Metro & Crime

Mixed reactions trail strike in Abuja

Declaration of an industrial action by the Joint Health Sector Unions (JOHESU) and Assembly Healthcare Professional Associations (AHPA) was received yesterday with mixed feelings by some health workers in Abuja hospitals.


Although all health workers, who spoke with our correspondent, expressed dismay over government’s attitude towards their welfare and safety, some had reservations with the tactics deployed by their representatives, while others applauded the move to down tools. As at the time of visit to the National Hospital, health workers were all on their duty posts diligently carrying out their assignments.


However, all work was brought to a halt about 10am, after they were briefed by some JOHESU officials. Health workers at Kubwa, Asokoro and Nyanya General Hospitals were also doing their jobs. All sections were fully operational as at yesterday afternoon, as patients were being well attended to.


A nurse at Kubwa General Hospital, Priscilla Atunbo, said although the strike was a welcome development, they were still awaiting the go ahead from appropriate quarters in the hospital to join their colleagues. She said: “Government has been toying with us; they don’t take us seriously so we should go on strike. As you can see, we are still working, we have not been addressed.”


Folakemi Abbas, who works in Asokoro Hospital, said even though she was against the government’s attitude towards workers, the union should have exercised a little more patience till after the meeting expected to hold today before declaring strike. She said: “I can’t say why we have not been addressed but some of us are afraid government may decide to enforce no work no pay rule.


The union leaders should have waited till tomorrow before asking us to stay back at home. “I know my allegiance is to my union but government has declared this strike as illegal and we all know what that means.” Rose Agi, who works at Kubwa General Hospital, said the union might find itself boxed in a difficult corner, if wisdom was not applied.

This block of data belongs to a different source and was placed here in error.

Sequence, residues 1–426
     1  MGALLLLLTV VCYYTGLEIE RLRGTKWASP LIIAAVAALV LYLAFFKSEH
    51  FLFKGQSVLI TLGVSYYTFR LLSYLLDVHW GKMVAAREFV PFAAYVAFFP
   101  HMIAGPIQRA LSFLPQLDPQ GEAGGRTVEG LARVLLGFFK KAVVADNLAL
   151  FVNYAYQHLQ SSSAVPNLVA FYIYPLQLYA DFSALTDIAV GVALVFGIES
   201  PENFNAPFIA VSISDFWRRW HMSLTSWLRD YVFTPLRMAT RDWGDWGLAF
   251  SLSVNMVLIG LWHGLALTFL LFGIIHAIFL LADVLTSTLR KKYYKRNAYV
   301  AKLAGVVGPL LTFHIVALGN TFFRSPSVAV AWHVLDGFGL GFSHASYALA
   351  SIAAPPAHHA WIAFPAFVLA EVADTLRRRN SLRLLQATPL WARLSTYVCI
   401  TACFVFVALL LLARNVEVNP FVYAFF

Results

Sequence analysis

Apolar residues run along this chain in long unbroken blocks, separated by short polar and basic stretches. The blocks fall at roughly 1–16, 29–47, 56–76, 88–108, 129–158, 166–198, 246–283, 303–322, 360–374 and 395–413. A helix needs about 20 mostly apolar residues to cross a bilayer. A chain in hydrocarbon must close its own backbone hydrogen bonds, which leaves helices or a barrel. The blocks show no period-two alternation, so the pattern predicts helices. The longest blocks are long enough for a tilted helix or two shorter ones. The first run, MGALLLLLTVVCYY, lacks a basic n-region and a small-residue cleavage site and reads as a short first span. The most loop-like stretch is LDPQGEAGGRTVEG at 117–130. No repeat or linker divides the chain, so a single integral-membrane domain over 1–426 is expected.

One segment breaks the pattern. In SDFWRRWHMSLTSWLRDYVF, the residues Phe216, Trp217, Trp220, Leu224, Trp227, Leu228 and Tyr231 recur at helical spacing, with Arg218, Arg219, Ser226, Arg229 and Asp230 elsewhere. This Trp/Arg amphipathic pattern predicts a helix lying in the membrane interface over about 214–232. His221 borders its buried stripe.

She said: “When I listened to the news, the part where Federal Government condemned the strike, calling it illegal, I wasn’t too comfortable. “I understand an ultimatum was given which expired yesterday, but I also know that they were already into discussions with government and even signed a document.”


Meanwhile, the Secretary to Government of the Federation (SGF), Boss Mustapha, has said the ongoing strike could affect negatively, the gains the country had achieved in the fight against the COVID-19  pandemic. Speaking on the floor of the Presidential Task Force (PTF) on COVID-19, he appealed to JOHESU to shelve the strike and continue to attend to the health needs of the populace. He said:


“The PTF views the recent declaration of industrial action by the Joint Health Sector Unions (JOHESU) as rather unfortunate and capable of reducing our gains and endangering more loss of lives.


“We, therefore, call on JOHESU to stand up to be counted at this critical moment because a continuation of the strike could jeopardise the small gains made in the fight against the virus and the efforts to transform our health systems. The Hon. Minister of Labour and Employment has assured that every effort is being made to resolve all issues and have JOHESU call its members back to work.”


The Minister of Health, Dr. Osagie Ehanire, who also appealed to the health workers to return to their duty posts, said the ministry was doing all within its power to address the issues under contention, to ensure safety of everyone in need of healthcare services in public hospitals.


He said: “The position of the Ministry of Health is that strikes by healthcare workers jeopardise the lives of citizens, especially at such times of global health emergencies as now.


Nigeria needs the services of all her health workers, to control COVID-19 spread. Issues around allowances are multi-sectoral and have always been solved with negotiations, no matter how long it took.


“I acknowledge the commitment of health workers who continue to man the frontlines in the fight against this disease and use this opportunity to appeal to JOHESU to suspend their industrial action, not to erode gains we have since made in health care delivery.


The Federal Ministry of Health is doing all within its power to expedite processes that address the bones of contention.”


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